PMCID: PMC3473634  PMID: 21606067
4.  Does primary tumour volumetry performed early in the course of definitive concomitant chemoradiotherapy for head and neck squamous cell carcinoma improve prediction of primary site outcome? 
The British Journal of Radiology  2010;83(995):964-970.
Although previous studies have documented correlations between pre-treatment or post-treatment primary tumour volumes and local outcome following definitive concomitant chemoradiotherapy (CCRT) in head and neck squamous cell carcinoma (HNSCC), no study has included and compared tumour volumes during CCRT.
We reviewed the MRIs of 69 HNSCC patients treated with a 6 weeks course of CCRT and who underwent successful MRI pre-treatment (n = 69), 2 weeks intra-treatment (n = 48) and 6 weeks post-treatment (n = 61). Primary tumour volumes on MRI at the three time points were calculated and compared for their predictive value for primary site outcome. Volume thresholds optimised to predict failure with the highest accuracy and positive predictive value (PPV) were calculated. The mean pre-treatment volume was 24.6 cm3 (range, 1.1–187.9 cm3) and the mean follow-up interval was 41 months (range, 12–100 months). 23 primary tumours failed treatment (33%). Volumes before, during and after CCRT were positively associated with local failure (p = 0.015, p = 0.009, p<0.0001). Volume reductions during and after CCRT were negatively associated with local failure (p = 0.021, p = 0.001). Pre-treatment and intra-treatment volume thresholds achieved the highest accuracy and produced intermediate PPVs (51–64%) for predicting local failure. Optimised intra-treatment thresholds did not identify any more treatment failures than the pre-treatment thresholds. By comparison, a 6 weeks post-treatment volume reduction (<35%) achieved 100% PPV for failure, albeit with 26% sensitivity.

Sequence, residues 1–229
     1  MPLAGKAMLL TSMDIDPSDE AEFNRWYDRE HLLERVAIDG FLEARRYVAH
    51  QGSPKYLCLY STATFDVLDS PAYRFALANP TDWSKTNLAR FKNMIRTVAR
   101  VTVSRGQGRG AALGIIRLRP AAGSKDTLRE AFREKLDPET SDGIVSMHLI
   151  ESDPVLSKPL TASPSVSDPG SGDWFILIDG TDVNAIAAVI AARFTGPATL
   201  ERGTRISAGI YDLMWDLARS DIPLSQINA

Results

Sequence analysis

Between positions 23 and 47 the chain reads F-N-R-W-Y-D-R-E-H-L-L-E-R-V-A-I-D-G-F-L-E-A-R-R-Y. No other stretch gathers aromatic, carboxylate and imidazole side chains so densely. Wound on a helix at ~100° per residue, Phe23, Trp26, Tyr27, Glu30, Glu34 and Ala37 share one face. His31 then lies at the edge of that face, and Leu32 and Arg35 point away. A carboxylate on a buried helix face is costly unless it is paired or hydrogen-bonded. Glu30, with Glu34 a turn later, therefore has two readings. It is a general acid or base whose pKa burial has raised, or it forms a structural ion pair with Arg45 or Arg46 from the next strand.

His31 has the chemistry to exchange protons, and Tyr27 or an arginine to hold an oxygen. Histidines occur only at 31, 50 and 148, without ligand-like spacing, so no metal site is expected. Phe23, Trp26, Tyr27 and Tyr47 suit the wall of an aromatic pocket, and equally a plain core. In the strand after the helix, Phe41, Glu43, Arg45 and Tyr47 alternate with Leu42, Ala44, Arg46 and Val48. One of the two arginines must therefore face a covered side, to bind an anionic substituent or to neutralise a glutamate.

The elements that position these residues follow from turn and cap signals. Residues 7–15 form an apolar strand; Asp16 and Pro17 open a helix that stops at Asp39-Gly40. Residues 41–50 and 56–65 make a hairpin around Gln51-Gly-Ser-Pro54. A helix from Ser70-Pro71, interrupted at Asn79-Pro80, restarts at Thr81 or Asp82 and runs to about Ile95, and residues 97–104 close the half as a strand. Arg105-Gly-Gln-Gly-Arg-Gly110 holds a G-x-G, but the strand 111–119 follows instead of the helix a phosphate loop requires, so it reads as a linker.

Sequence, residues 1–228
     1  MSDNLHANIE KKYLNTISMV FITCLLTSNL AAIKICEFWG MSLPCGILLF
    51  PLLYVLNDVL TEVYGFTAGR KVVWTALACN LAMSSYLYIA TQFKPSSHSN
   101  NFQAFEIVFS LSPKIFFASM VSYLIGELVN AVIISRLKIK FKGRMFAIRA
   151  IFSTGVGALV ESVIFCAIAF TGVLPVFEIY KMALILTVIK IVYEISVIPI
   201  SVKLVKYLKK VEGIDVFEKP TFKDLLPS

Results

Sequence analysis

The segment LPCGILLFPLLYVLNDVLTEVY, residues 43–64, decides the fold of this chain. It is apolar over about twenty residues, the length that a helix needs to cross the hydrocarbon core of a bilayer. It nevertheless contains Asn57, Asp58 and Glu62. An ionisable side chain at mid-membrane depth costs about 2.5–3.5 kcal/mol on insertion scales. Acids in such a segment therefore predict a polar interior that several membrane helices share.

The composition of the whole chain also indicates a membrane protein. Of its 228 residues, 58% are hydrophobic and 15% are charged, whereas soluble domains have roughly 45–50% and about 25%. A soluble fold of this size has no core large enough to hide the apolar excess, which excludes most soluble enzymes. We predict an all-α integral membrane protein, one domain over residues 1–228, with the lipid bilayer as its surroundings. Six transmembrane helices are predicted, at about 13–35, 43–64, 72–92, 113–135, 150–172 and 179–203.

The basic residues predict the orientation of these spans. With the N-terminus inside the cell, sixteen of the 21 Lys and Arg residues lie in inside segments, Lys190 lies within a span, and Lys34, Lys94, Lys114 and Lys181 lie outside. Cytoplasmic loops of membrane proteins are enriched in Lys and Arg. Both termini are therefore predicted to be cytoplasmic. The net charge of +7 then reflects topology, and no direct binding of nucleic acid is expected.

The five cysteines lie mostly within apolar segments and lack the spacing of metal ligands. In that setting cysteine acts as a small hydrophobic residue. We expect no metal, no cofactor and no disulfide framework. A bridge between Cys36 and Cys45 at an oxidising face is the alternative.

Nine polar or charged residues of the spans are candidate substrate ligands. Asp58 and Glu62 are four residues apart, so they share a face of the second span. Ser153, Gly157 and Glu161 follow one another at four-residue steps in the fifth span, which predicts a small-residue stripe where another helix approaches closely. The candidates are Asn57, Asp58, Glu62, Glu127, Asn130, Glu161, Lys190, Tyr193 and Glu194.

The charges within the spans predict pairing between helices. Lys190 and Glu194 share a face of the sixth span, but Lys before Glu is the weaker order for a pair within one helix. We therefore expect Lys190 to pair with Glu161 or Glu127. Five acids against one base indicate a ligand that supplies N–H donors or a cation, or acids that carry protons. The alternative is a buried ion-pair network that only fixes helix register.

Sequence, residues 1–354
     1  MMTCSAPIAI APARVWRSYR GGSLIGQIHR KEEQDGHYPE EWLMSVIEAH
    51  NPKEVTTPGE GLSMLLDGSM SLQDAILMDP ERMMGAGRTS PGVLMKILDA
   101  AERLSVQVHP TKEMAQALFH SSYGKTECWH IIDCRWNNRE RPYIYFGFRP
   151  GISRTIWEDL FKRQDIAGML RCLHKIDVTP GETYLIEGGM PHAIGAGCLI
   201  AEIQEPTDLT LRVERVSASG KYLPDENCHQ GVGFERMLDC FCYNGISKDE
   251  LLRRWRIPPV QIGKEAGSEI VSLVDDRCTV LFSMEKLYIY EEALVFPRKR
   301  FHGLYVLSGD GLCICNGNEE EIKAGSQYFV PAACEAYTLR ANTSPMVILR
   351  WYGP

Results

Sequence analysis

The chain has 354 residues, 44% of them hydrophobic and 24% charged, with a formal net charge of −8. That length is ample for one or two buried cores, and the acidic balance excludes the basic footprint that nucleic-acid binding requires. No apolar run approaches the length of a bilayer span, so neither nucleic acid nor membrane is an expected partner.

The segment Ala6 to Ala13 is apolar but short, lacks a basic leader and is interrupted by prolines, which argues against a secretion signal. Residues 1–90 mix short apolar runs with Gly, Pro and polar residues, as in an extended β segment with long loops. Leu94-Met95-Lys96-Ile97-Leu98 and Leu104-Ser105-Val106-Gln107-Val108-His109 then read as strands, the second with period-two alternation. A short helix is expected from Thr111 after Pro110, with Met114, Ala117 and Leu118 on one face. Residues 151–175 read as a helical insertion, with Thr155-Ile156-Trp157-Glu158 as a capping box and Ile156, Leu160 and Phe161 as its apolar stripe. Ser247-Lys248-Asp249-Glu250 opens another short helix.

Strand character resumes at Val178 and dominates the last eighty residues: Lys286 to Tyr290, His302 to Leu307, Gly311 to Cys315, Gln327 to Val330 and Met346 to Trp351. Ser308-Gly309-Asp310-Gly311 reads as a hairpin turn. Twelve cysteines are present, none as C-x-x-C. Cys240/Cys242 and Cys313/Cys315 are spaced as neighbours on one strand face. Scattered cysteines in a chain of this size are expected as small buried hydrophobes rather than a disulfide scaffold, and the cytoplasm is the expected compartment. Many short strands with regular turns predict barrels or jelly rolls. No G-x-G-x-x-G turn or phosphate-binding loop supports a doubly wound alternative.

In conclusion, primary tumour volumetry performed early in CCRT provides minimal additional information compared with pre-treatment volumetry, with respect to predicting post-treatment local failures. Therefore, volumetry during CCRT is unlikely to be useful for guiding individual response-based therapeutic modifications.